- Determining the fate of the civilian and democratic state for which the January 25th Revolution fought, especially after the new constitution laid out a political role for the military institution by preserving the position of the Defence Minister (Al-Sisi) for the next eight years. If the current predictions are accurate and Al-Sisi runs for president, then that leaves the door open to the militarisation of the state. In light of the growing role of the security institution, imposed by the current situation, the idea of establishing a civilian state appears to be in great danger.
- The individuals wounded in 2013 pose a challenge which the new government does not know how to deal with. Around 1,800 to 2,000 people wounded by the security forces are likely to take their cases to court and the trials may continue throughout the year, not to mention their effects on the social environment. In addition, there are 21,000 people in detention, according to the Wiki Thawra (independent) website, who we cannot imagine staying in prison forever. The website also reported that 2,665 people were killed, in addition to the 15,913 others who were injured during the clashes in the year up to 11 November 2013. This is a serious legacy for any new government's inbox which cannot be left unresolved.
- The "war on terror" poses another challenge, as there are at least three fronts that warrant the continuation of this open war that have the potential to exhaust the state's energy and resources. Of these fronts, one is internal and is represented by the opposition of the Muslim Brotherhood after declaring it a terrorist organisation. The second is in Sinai, where some groups have formed and developed under the movement's wing, but the government has failed to eliminate them. The third front is in Gaza, as a Reuters report dated 15 January quoted Egyptian officials as saying that the government's "war on terror" will not be complete until the Hamas government governing Gaza for the past eight years is overthrown.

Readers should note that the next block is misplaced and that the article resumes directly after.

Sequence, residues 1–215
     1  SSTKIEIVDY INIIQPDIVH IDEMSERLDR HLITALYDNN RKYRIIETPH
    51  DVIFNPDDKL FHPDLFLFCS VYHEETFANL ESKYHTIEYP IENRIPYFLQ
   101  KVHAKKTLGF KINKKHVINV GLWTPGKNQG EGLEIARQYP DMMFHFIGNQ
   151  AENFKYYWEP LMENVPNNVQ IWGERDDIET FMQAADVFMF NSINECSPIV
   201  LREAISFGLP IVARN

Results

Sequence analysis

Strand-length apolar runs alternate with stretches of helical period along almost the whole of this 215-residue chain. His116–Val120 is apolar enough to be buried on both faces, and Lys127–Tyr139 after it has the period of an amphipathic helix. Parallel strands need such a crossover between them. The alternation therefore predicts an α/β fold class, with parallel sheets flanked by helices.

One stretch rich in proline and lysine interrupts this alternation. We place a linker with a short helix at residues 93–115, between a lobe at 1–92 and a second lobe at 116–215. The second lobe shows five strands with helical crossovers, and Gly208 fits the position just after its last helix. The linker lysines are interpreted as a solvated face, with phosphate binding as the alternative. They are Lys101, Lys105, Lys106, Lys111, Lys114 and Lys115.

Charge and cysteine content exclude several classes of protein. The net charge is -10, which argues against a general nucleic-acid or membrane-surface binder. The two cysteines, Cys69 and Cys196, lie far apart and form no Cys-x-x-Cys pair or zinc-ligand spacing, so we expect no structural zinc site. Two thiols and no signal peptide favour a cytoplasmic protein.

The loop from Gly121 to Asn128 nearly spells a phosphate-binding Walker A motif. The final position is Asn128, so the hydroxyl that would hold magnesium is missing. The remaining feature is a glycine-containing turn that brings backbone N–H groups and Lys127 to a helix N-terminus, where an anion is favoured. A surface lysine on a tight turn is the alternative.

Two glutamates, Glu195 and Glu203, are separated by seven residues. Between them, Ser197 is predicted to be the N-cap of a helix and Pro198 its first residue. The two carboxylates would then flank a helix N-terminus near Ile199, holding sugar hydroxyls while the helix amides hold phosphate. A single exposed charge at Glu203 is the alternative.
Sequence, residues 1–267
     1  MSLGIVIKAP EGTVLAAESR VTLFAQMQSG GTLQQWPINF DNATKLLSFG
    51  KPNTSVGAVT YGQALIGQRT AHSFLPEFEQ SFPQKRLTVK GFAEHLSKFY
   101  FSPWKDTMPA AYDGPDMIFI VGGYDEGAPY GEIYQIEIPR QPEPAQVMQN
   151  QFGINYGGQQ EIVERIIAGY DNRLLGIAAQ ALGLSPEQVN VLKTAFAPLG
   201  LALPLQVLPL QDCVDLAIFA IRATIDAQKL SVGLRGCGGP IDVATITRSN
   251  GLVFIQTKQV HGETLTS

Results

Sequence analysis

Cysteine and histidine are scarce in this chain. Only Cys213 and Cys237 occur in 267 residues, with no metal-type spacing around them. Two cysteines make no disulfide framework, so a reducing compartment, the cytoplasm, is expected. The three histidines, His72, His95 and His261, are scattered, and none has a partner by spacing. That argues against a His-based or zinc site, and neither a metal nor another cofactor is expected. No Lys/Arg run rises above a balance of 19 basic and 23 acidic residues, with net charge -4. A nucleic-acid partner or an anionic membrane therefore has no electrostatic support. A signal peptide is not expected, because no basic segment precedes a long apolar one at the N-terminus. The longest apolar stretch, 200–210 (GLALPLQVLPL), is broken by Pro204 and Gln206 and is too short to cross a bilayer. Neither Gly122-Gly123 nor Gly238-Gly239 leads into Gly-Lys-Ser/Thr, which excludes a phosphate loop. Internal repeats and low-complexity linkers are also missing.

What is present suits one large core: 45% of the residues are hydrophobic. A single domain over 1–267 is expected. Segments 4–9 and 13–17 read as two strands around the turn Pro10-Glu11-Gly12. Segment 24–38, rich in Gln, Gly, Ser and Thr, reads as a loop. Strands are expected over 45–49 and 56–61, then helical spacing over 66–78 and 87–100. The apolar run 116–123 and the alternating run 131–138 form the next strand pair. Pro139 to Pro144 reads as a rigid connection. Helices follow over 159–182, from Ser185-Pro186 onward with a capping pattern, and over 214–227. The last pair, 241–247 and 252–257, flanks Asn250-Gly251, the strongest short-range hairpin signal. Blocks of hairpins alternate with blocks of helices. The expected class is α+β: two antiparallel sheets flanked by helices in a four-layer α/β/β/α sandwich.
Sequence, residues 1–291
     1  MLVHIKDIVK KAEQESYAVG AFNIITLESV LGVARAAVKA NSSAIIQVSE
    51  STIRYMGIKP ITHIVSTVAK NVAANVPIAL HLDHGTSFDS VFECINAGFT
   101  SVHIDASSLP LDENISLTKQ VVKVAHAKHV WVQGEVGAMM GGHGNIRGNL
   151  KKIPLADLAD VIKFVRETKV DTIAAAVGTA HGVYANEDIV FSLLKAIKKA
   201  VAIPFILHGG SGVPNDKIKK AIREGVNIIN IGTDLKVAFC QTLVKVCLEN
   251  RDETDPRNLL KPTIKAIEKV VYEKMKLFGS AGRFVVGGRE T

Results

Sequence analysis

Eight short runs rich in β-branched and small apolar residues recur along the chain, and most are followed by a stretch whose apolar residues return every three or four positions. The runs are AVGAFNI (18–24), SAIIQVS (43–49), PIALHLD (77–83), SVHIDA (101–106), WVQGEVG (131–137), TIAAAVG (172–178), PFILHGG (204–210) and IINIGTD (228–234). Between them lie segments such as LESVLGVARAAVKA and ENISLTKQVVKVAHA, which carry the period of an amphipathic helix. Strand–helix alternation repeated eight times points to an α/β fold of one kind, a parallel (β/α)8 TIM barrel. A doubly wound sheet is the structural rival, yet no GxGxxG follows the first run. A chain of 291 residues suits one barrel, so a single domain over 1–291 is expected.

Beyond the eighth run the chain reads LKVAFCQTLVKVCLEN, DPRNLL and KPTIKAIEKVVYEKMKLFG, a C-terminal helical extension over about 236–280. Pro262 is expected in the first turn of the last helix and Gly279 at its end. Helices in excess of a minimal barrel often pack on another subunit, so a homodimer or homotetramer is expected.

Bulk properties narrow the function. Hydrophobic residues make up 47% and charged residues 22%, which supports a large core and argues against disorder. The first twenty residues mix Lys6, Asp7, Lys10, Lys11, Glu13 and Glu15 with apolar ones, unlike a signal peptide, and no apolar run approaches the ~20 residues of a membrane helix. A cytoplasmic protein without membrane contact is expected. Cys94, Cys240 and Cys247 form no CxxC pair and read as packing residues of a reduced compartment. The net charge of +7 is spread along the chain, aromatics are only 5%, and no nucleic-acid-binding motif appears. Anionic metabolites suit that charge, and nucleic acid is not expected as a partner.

- There is also another extremely dangerous and important issue regarding the future of Egypt's water supply. The government is faced with the question of how to deal with the issue after the trilateral talks held recently in Khartoum failed, with the Ethiopians refusing to budge on their position regarding the new Al-Nahda Dam on the upper Nile. This is being built very quickly; 30 per cent of the project scheduled to end in 2017 has already been completed. Once commissioned, the dam will lead to a reduction of 12-14 billion cubic metres of Egypt's share of the Nile waters. This means that it will lose between 25 and 40 per cent of its electricity supply, in addition to 4 to 5 million acres of agricultural land, leading to the displacement of 5 to 6 million farmers.
- The mother of all crises facing the government is that if it puts all its effort into dealing with the aforementioned issues, it will not be able to do anything about the basic goals of the revolution, especially those regarding human and economic development and social justice.
The crisis created by the crackdown on the Muslim Brotherhood has led to a vacuum in Egypt's political arena due to the severe weakness of its popular institutions and civil organisations. The oppressive regime not only destroyed any alternatives but also worked to infiltrate the various popular institutions and subject them to its authority. This applies to the institutions that are legally independent (legislative authority, universities, judiciary and media) or those formed by means of elections (such as local councils and labour unions). It also applies to cooperatives in various fields, including agriculture, production, consumption, etc.